Urinary Tract Endometriosis

Many women who suffer from endometriosis may not realise that the disease can affect the urinary tract.

How common does endometriosis affect the urinary tract and where?

The exact incidence is unclear but may occur in 1 -4% of all cases of endometriosis. The sites where endometriosis occurs are the bladder and the ureter.

What are the symptoms of urinary tract endometriosis?

Women with urinary tract endometriosis have few or no symptom. Some present with infertility. Others experience urgency, frequency, pain on passing urine, in the flank or the back, recurrent urinary tract infections. Some women see blood in urine at times of menstruation. Other women give a history of having had surgery including hysterectomy for endometriosis many years prior.

How can urinary tract endometriosis by diagnosed?

Like bowel endometriosis, diagnosis of urinary tract endometriosis requires a careful history and thorough physical examination. The detection of tender “nodule” at the top of the vagina adjacent to the bladder is uncommon is uncommon.

Ultrasound may show the presence of a bladder “nodule”. CT scan and XR may diagnose ureteric obstruction and / or swollen kidney. Cystoscopy and laparoscopy are fundamental to the assessment of urinary tract endometriosis.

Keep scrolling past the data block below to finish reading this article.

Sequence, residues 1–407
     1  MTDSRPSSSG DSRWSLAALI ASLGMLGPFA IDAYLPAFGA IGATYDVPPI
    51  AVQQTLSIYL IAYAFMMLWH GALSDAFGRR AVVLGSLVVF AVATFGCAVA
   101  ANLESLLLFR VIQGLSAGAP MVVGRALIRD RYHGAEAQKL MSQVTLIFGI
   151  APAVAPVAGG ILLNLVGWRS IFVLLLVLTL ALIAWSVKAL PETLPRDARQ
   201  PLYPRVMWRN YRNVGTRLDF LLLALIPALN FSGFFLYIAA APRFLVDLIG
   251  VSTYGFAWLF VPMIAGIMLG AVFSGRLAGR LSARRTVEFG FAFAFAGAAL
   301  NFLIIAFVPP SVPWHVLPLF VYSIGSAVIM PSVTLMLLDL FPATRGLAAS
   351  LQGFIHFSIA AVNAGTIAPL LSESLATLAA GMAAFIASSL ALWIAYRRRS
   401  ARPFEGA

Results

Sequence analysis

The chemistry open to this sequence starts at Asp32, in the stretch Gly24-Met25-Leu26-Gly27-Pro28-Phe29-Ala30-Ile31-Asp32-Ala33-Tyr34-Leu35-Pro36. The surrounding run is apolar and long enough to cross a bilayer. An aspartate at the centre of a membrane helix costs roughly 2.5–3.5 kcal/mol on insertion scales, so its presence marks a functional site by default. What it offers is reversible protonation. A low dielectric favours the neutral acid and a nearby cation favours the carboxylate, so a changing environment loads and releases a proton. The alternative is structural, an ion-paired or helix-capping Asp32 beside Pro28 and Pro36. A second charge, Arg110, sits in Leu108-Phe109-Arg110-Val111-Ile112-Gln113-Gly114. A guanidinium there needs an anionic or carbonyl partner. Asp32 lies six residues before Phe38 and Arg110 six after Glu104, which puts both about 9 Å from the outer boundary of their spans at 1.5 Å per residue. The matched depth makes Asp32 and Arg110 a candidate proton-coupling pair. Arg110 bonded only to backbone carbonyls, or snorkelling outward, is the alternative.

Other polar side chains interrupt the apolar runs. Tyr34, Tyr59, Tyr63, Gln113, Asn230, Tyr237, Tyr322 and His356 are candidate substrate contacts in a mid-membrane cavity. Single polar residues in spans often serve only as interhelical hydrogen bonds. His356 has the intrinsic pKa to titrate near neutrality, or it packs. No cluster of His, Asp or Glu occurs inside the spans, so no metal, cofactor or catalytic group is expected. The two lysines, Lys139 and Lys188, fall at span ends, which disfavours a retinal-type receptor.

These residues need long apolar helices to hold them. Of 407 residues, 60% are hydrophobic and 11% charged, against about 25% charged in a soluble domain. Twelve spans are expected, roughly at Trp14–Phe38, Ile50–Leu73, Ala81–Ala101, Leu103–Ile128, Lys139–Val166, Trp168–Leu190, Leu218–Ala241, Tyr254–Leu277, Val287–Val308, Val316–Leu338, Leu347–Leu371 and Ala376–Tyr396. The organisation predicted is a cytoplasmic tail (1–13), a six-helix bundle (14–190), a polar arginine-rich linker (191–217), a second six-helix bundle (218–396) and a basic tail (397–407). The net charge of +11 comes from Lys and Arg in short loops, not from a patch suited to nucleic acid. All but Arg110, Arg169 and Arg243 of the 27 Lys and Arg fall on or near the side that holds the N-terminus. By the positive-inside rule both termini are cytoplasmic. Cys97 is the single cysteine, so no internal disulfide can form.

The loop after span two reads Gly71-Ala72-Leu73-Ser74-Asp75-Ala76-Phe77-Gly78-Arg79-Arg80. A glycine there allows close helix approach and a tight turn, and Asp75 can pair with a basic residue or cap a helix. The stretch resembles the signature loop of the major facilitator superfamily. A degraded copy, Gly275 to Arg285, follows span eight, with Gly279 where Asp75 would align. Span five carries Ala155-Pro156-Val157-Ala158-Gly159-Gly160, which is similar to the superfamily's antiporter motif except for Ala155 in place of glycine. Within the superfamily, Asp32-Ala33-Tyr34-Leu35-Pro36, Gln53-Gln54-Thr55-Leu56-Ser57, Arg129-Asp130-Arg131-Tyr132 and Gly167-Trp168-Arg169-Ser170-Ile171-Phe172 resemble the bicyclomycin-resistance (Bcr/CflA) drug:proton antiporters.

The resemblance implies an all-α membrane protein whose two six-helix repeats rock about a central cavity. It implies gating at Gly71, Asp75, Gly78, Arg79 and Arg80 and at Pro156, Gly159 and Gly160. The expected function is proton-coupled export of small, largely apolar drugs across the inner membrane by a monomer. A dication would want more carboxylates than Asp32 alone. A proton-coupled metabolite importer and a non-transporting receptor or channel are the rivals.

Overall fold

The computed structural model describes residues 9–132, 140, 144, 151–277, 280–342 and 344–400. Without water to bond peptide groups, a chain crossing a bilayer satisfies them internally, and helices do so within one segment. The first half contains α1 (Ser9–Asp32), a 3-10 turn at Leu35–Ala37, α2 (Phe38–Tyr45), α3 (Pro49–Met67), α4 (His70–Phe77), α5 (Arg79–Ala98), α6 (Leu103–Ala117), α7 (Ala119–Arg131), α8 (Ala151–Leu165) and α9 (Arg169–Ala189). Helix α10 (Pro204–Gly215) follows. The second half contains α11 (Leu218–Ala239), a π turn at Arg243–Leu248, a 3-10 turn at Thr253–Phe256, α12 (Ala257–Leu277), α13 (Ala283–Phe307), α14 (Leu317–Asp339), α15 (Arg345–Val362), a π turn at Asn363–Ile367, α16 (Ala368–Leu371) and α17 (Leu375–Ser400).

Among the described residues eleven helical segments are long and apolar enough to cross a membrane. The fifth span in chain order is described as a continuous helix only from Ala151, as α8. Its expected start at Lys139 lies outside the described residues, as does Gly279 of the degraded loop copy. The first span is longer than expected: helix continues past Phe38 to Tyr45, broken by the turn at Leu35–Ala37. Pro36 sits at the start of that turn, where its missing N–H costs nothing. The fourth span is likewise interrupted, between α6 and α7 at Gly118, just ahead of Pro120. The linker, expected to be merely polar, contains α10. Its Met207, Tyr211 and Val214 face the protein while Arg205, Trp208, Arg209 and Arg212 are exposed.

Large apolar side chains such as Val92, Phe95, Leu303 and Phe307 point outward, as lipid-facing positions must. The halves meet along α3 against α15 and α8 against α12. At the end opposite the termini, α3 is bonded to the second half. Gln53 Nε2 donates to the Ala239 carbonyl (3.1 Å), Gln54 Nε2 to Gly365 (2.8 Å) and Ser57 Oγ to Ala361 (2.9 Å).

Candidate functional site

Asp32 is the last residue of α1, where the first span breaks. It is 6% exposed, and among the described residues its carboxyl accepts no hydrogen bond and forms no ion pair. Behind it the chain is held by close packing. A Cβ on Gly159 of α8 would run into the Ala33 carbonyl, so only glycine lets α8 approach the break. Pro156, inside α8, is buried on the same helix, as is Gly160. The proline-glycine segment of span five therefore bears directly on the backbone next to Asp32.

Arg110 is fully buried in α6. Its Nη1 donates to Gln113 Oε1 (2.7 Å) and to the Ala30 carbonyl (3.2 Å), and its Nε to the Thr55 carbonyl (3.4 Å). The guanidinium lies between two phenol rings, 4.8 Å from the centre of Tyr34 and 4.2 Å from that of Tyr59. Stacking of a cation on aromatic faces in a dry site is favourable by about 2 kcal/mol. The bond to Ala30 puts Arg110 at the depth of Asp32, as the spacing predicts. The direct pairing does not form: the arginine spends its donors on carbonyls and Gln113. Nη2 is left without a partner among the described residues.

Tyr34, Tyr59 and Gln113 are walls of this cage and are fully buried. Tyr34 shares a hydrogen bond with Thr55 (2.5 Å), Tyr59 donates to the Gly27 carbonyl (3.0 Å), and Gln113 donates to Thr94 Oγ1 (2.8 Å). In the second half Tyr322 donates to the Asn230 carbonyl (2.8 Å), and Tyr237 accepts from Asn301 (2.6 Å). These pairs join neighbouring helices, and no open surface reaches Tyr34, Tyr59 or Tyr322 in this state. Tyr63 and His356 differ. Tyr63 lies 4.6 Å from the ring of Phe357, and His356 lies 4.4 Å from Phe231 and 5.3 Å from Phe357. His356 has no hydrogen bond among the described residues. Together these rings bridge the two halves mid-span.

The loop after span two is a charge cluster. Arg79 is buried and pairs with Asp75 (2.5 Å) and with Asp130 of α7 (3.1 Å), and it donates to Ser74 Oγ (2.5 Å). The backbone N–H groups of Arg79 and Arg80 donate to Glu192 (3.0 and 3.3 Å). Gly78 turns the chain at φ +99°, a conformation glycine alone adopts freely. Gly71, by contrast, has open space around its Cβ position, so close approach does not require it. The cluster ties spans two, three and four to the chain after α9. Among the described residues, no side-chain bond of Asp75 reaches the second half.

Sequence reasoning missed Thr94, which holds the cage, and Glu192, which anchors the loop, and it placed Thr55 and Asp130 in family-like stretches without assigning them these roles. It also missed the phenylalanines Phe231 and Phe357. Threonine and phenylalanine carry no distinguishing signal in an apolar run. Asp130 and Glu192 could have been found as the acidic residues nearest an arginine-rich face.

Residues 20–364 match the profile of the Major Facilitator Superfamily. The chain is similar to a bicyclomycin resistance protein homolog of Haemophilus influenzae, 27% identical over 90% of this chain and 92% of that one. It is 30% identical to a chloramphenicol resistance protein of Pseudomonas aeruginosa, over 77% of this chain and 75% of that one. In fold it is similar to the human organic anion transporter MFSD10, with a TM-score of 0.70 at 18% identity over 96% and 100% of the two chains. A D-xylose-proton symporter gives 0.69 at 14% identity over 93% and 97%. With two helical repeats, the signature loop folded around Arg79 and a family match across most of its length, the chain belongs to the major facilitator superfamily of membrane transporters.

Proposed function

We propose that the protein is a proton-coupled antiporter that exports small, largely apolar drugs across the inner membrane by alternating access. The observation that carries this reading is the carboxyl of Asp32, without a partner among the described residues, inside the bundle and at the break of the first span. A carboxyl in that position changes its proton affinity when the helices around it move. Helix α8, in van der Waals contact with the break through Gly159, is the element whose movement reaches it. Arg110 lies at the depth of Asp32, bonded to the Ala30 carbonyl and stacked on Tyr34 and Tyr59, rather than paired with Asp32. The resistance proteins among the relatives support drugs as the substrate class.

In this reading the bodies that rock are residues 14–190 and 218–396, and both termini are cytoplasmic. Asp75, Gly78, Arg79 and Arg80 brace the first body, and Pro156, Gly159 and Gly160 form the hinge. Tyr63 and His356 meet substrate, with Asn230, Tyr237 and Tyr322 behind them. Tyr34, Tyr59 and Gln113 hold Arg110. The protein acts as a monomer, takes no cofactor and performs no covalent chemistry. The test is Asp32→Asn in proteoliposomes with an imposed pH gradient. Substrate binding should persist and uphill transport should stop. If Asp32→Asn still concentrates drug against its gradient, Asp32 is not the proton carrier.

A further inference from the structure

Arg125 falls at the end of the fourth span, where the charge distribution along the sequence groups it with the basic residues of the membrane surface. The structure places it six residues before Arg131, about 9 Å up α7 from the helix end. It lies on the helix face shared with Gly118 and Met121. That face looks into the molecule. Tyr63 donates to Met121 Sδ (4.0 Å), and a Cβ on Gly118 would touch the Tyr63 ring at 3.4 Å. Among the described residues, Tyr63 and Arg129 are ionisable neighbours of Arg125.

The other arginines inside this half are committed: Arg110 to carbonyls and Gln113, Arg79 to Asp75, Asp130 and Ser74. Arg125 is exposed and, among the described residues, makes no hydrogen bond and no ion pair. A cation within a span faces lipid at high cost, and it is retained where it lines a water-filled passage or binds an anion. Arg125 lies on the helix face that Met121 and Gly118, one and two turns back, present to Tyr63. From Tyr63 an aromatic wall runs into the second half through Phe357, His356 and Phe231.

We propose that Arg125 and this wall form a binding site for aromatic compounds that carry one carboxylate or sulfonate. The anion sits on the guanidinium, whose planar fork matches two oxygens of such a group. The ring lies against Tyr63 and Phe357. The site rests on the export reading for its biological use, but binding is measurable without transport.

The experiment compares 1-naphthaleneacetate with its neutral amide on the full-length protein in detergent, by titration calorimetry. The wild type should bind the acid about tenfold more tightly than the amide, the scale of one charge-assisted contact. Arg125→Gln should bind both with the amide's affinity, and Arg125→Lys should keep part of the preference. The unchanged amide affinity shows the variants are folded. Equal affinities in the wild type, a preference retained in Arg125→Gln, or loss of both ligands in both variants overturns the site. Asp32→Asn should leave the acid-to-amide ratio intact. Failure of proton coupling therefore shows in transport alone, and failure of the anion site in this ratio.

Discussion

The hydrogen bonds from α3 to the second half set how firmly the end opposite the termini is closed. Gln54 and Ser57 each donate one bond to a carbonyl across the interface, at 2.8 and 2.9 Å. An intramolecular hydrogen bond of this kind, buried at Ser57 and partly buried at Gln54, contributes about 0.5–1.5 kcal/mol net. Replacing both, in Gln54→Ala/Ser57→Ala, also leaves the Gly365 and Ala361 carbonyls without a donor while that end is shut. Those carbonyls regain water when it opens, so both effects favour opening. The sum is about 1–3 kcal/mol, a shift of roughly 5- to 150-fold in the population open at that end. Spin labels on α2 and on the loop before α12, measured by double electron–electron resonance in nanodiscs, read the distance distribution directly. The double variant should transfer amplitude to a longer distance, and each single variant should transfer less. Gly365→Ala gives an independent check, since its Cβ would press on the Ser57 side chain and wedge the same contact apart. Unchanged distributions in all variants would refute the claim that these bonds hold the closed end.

What treatments are available for urinary tract endometriosis?

The treatment options generally follow the same principles outlined in the CARE Endometriosis brochure. While medical therapy is effective for pain relief, symptoms often recur once treatment is completed.

What is the role of surgery for urinary tract endometriosis?

Surgery is indicated if fertility is a major goal, where symptoms fail to respond to medical therapies, or where ureteric obstruction has been confirmed. Untreated ureteric obstruction may lead to irreversible kidney damage.

As in bowel endometriosis, endometriosis of the urinary tract represents the severe end of the disease spectrum. Optimal management requires a team of specialists working together to thoroughly assess the risks and benefits of treatments and to determine the optimal care.

At CARE, we specialise in endoscopic management of severe endometriosis. Our multidisciplinary team includes specialist nurse educator, gynaecologists, colorectal surgeons (Dr Justin Evans, A/Professor M Schitzler, Dr Steve Pilinger), and urologists ( Dr G Coombs, Dr J Vass).